Younger children proudly show off their pictures of 'Disney' characters, such as 'Micky and Minnie Mouse', drawn with a huge variety of felt-tips pens.Staff work well to ensure children's safety and well-being at all times. For example, they gather detailed information from parents to support children's individual care and dietary needs effectively throughout their time at the camp.

Children learn about healthy lifestyles and develop good levels of independence, such as filling up their own water bottles and using anti-bacterial gel regularly to help stop the risk of infection. Staff provide a variety of interesting physical and creative experiences for children outdoors. All children make choices about what they want to do and when they wish to join in.

Leaders reflect on the camp and use feedback from parents, staff and children to identify strengths and areas for improvement. At inspection, the manager spoke about the benefits of recent training to boost his knowledge and understanding of the early years foundation stage to enhance the already excellent care of Reception-aged children.Staff make sure they keep children very safe.

They implement effective risk assessments and checks for the premises and activities, and consistently talk with children about their personal safety. For instance, children know they must wear protective goggles to play with the foam dart guns and remind each other to do so. Others immediately apologised to their friends when they accidentally fired their gun in excitement before the game had started.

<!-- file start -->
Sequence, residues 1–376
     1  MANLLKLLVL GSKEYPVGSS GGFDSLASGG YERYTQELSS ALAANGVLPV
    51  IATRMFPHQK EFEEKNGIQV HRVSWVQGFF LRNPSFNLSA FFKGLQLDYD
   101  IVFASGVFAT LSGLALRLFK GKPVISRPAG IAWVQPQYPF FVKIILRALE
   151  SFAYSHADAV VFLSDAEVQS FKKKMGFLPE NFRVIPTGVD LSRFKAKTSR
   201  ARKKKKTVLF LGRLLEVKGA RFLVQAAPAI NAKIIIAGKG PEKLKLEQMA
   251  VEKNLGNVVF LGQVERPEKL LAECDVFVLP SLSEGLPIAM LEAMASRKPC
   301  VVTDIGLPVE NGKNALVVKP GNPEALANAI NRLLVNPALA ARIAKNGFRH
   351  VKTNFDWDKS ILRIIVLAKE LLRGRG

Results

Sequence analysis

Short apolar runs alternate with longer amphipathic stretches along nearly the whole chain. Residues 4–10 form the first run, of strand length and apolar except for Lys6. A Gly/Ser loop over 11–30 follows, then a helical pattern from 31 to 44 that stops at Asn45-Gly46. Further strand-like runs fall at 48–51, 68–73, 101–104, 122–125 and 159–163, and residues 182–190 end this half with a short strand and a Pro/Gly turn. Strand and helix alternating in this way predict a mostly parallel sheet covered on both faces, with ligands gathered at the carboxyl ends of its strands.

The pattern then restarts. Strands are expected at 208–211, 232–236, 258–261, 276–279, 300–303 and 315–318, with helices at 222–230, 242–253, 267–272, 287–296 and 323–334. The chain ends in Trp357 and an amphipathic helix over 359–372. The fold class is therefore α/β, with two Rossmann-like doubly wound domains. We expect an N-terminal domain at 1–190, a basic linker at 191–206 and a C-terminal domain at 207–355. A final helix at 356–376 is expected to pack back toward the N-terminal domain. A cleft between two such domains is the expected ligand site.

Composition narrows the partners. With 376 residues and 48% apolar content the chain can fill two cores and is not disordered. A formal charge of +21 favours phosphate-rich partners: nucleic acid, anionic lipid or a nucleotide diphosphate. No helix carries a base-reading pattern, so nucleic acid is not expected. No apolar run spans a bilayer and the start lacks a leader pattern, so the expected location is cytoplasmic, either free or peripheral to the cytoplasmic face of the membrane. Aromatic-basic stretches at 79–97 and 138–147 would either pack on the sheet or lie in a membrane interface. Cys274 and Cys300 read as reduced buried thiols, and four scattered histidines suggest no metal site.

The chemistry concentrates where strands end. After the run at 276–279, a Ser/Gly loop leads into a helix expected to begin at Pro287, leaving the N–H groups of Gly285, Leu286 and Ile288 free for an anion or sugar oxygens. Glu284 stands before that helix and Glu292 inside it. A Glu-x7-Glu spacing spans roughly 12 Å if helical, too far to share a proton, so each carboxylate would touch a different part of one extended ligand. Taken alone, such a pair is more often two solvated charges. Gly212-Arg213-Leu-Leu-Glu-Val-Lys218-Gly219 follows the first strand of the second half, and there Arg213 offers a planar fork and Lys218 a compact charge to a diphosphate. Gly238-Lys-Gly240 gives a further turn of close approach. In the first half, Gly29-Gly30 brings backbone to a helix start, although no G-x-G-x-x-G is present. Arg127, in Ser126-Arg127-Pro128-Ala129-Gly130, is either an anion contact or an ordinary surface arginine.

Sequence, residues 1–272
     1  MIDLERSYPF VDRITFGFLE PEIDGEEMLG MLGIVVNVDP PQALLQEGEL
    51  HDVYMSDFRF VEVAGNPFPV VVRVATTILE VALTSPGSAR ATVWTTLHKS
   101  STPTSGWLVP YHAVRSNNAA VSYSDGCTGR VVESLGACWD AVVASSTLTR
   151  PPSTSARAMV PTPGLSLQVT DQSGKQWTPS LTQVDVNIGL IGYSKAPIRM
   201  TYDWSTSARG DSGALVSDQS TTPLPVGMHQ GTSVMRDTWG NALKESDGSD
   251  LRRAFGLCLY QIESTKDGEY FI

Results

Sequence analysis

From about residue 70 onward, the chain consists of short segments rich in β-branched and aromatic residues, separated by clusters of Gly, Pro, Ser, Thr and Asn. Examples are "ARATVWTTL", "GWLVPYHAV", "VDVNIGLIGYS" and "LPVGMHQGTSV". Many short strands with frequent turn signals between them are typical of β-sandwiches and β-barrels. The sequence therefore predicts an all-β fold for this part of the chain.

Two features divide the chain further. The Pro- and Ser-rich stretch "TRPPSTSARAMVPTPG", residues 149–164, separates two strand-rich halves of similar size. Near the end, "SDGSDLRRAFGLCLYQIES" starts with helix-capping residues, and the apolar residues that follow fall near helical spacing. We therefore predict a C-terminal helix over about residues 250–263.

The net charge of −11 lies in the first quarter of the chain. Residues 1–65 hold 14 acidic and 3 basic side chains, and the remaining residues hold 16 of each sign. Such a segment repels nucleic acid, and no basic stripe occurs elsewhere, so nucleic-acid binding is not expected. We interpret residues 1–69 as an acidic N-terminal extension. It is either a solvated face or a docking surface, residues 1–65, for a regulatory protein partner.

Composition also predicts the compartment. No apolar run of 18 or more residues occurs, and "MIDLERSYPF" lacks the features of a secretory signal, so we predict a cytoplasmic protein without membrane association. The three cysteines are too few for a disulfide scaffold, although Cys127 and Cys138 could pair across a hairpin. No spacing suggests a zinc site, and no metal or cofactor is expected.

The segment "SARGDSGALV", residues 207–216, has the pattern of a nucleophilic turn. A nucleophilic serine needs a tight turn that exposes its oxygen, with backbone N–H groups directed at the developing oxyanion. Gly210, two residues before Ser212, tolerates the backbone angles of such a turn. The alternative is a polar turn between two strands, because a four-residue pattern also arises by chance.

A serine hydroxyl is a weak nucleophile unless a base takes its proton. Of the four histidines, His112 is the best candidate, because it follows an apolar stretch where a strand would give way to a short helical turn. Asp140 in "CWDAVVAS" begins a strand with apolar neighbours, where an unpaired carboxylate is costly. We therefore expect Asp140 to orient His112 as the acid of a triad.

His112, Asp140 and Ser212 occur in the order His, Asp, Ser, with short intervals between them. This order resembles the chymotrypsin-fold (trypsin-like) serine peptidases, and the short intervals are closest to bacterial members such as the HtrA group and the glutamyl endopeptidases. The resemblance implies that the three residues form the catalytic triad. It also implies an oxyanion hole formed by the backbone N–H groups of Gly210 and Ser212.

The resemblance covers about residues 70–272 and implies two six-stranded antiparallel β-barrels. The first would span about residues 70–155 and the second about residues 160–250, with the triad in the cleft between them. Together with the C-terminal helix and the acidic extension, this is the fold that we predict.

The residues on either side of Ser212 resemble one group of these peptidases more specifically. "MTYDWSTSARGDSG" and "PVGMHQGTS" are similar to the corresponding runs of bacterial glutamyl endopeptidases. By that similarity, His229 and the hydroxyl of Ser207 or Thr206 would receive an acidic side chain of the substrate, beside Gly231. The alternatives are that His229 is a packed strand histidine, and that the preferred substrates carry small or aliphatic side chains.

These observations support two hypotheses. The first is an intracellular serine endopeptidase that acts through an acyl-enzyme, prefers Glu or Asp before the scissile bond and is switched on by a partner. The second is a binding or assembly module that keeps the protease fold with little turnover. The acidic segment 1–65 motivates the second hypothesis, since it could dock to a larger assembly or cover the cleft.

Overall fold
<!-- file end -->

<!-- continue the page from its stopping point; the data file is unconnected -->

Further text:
Staff receive regular supervision meetings to promote their professional development. For example, leaders support staff with training opportunities to extend safeguarding, child protection and first-aid knowledge. Staff speak daily and meet regularly to discuss and evaluate all aspects of the camp, including information gained from parents' questionnaires and any contributions received from their children.

Action plans to improve all areas of the camp are ongoing, and effective, including the update of risk assessments for the COVID-19 (coronavirus) pandemic.


The arrangements for safeguarding are effective.This professional team give children's welfare and safety the utmost priority.

Leaders embed child protection policies and procedures, and these are thoroughly understood by all staff. They are vigilant, alert and extremely confident in the procedure to follow should they have concerns about a child in their care. They know what to do in the event of an allegation against a member of staff.

The procedure for the arrival and departure of children is effective in ensuring that children continue to be safe at all times. Staff record all accidents and incidents, and the manager reviews the record to identify and minimise any repeated risks to children. Excellent recruitment and vetting procedures ensure all adults working with the children are suitable.

Also at this postcode
Longford Park Primary Academy